In fact, in their own home state, where homegrown country music artists and athletes have always been the favored celebrities, the Lips remained virtually unknown for years to all but a few alternative music fans who saw them as underground heroes.

Coming out party

It took the endorsement of Coldplay front man Chris Martin to wake the local mainstream population to the Lips' existence. When his band played the Ford Center on Feb. 27, 2006, Martin told the audience there were four great American voices: “Elvis, Dylan, Wayne Coyne and Johnny Cash.”

Mayoral Chief of Staff David Holt, a huge Lips fan, seized the moment to launch a movement.

“You had so many downtown Chamber types at that concert,” Holt says. “And here's Chris Martin telling them, ‘Guys, you've got the greatest band in the world in your hometown. You really need to do something to kind of connect the band a little bit more to the city.'”

With Mayor Mick Cornett's blessing, and a desire among civic leaders to promote a “hipper,” more progressive image for the city, “Flaming Lips Alley” was officially christened on Oct. 25, recognizing the band as an integral part of the local cultural landscape. The fact they got an alley named after them instead of a street was fitting for a band that's never followed the beaten path.

When the gregarious Coyne scandalized the “Chamber types” in attendance by dropping the F-bomb twice during his acceptance speech, fans at the carnival-like dedication ceremony laughed appreciatively.

OKC, meet Wayne Coyne.

Later that evening, Coyne was honored again at a black-tie dinner with a Wall of Fame Humanitarian Award from the Oklahoma City Public Schools Foundation. Not bad for a guy who once sold pot to supplement his fast-food income.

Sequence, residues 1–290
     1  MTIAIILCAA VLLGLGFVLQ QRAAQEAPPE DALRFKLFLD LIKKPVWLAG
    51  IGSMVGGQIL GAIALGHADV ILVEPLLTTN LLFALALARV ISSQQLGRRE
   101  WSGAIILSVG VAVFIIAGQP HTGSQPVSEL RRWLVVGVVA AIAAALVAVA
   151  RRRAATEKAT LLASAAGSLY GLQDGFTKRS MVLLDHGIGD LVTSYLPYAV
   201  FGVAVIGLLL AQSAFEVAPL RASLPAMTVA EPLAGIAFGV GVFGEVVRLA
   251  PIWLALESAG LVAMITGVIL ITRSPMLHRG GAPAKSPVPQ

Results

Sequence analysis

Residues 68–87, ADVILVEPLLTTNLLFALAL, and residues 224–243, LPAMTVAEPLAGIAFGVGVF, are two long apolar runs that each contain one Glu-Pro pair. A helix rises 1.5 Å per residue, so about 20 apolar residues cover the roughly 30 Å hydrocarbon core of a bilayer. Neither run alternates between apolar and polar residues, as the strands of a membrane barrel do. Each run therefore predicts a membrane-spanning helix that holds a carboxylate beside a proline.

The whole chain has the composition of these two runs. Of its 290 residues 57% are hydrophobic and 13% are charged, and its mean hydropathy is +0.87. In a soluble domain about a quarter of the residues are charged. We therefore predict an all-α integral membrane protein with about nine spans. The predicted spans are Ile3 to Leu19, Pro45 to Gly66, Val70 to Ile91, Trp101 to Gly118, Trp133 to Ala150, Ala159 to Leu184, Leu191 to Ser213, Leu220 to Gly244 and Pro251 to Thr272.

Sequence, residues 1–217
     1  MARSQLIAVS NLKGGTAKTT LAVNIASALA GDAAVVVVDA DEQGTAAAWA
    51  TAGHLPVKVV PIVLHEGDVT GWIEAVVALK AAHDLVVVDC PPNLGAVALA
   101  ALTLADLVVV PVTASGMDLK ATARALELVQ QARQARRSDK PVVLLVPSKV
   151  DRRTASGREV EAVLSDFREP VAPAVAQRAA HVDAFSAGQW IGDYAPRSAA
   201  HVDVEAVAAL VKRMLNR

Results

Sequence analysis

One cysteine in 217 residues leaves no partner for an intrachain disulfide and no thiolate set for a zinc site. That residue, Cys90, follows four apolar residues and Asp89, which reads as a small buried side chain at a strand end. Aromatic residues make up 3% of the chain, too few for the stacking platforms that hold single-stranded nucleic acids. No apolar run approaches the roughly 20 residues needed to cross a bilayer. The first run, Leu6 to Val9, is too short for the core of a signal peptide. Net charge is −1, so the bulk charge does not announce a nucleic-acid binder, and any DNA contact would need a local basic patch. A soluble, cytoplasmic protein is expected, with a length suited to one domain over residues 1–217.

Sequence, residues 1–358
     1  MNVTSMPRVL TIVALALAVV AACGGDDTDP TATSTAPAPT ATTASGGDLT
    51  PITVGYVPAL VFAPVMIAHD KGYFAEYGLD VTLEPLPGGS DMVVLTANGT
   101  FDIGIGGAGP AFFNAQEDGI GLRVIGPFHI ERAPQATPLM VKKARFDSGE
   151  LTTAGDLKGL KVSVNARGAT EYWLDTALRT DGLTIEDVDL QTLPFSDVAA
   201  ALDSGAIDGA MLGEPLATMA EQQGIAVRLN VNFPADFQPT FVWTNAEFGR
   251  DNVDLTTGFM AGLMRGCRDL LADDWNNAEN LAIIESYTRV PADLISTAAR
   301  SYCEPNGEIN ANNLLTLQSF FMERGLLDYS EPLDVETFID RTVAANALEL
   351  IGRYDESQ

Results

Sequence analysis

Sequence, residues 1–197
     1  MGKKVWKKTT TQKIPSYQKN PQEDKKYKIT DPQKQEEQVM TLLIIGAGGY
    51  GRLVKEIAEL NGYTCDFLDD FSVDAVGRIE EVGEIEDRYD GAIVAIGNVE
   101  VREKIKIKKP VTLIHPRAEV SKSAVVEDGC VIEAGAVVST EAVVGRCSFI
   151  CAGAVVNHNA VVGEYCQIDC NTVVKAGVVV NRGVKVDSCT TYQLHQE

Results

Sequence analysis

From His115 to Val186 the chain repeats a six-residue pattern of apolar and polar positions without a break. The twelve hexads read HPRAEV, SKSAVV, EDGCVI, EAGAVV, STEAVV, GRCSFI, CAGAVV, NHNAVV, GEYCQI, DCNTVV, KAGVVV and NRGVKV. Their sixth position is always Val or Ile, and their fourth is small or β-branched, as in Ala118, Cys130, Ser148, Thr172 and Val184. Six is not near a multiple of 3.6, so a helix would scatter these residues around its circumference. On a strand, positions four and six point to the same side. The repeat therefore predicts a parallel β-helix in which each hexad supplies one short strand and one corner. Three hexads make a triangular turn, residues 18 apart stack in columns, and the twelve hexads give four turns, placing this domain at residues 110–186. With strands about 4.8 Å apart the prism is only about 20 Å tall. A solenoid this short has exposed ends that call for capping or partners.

The Lips were even invited to perform at the all-star Oklahoma Centennial Spectacular Nov. 16, sharing the bill with Garth Brooks, Carrie Underwood, Reba McEntire and Toby Keith — a sure sign the Sooner state had finally embraced them as one of its treasures. On New Year's Eve, the Lips will headline their own concert at Cox Convention Center, the largest hometown venue they've ever played, and attendance will probably top the record-breaking turnout of 10,000 at their now-legendary “U.F.O.s at the Zoo” performance at the Zoo Amphitheatre in September 2006.

“We were almost in tears at the end of the night,” Michelle Martin-Coyne recalls of the Zoo gig. “It was just so moving to have that crowd and that place in this town. It was perfect.”

Keeping it real

In the eyes of the rest of the world, and a lot of people right here at home, the improbability of an eccentric art-pop band coming out of Oklahoma has always been part of the Flaming Lips' curious charm. And maybe that's another reason Coyne chooses to stick around — to keep that image true.

“This idea of being from Oklahoma has, for whatever reason, made people believe in my work ethic as a real thing, not just some image,” he says. “And the things that we sing about, the absurdness of life, being from Oklahoma it becomes authentic, because we're not from L.A. or New York, and this isn't a pose.”